We have heard of people who have experienced their hair falling out as a result of an extreme situation or trauma and this is sadly, all too true. Hair loss will continue as long as the period of stress, but it can be overturned once the stress is dealt with.
Hair growth will not happen immediately: the follicles stay in the resting stage for a further period of time which means that new hair growth will not start for nearly 6 months. One issue with this is that the person concerned thinks that their hair will never grow back and becomes more stressed as a result which exacerbates the problem! If this continues or the stress worsens then there is a danger of it becoming permanent.
But this is the worst case scenario: you usually find that once your stress has been treated your hair growth cycle will return to normal and new hair is grown.
If you can relax or control your levels of stress then you shouldn’t suffer from stress related hair loss. But if your stress is a result of a major event such as divorce or financial problems then counselling may be required.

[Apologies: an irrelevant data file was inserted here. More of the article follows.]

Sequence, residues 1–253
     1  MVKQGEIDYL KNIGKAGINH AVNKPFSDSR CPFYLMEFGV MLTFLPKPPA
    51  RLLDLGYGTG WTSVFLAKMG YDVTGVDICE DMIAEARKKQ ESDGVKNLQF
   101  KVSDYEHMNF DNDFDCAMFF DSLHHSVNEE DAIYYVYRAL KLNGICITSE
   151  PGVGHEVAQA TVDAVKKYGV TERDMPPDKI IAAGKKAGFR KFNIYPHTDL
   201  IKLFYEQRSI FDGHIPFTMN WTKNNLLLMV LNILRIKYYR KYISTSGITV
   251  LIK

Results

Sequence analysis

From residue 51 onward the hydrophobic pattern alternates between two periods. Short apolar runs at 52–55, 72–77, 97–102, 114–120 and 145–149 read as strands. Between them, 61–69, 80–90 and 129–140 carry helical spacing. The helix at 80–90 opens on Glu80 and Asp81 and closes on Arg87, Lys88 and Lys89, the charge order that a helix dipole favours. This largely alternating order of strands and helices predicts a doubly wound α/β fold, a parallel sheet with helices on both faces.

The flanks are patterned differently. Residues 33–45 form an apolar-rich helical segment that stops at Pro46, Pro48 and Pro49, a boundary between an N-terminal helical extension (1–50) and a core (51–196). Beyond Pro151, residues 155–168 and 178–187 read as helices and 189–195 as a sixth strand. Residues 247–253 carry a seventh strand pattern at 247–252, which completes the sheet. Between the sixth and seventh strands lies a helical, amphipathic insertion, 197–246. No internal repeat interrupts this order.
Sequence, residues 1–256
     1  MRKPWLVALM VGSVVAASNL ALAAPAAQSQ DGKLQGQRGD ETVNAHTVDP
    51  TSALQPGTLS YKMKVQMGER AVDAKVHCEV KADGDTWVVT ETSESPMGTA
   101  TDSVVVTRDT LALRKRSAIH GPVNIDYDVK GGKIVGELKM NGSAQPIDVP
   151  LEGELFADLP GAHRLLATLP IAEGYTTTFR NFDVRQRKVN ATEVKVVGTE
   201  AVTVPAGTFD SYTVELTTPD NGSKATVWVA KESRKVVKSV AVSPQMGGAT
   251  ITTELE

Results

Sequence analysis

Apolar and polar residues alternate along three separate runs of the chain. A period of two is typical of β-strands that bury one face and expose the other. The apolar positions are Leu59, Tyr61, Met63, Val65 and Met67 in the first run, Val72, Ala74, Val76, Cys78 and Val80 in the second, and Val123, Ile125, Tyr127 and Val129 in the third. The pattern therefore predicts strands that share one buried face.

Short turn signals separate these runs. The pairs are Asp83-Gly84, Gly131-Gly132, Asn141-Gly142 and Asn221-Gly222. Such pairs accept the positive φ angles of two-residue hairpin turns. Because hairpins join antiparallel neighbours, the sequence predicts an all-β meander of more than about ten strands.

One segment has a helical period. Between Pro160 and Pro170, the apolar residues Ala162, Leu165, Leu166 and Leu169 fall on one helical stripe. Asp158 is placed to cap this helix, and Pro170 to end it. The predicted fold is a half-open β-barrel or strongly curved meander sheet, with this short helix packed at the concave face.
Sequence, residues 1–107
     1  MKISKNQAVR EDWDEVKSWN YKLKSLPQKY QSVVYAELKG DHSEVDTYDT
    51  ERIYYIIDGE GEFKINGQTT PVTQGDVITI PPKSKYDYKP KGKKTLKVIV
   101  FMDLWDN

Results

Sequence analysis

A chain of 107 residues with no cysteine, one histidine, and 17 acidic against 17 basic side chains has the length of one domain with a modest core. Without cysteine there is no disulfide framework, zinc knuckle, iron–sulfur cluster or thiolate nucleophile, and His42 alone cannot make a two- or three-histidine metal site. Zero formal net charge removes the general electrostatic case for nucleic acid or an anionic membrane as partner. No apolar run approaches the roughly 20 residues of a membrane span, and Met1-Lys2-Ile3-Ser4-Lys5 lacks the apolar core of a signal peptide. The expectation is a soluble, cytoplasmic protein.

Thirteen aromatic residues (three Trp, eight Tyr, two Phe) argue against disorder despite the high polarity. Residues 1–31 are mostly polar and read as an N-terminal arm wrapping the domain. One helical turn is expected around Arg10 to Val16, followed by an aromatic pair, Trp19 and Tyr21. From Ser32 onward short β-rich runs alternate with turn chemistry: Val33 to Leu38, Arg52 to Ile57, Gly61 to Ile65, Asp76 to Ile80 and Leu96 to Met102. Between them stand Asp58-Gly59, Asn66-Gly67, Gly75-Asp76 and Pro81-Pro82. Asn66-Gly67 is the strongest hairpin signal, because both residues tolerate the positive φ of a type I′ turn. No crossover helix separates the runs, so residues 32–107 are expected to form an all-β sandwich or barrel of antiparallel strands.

Environmental factors such as pollution can lead to hair loss. This is more likely to be a problem if you live in a city but in fact, there are risks in whatever part of the country.
The main risk with living in the city is that of pollution from car exhaust fumes which affect protein formation (keratins) in the hair structure which leads to weaker and easily damaged hair. Plus there is an increased risk of this weaker hair falling out.
There is also some evidence to show that pollution can trigger the start of male pattern baldness.
Live in a rural area? Unfortunately, living in the country doesn’t mean that you are immune to external damage to your hair. There is a link between certain chemicals used by farmers to control pests and hair loss which can also affect anyone living near areas which have been treated with those chemicals.
There are even dangers in the home. Smoke and dust are ever present in our homes and we don’t always realise the damage they can do to our hair. If your partner is a smoker then you are at risk of hair damage from their cigarette fumes or from smoke given out from an open fire. Smoke from cigarettes and/or open fires contains carcinogens which can damage hair follicles which leads to hair loss.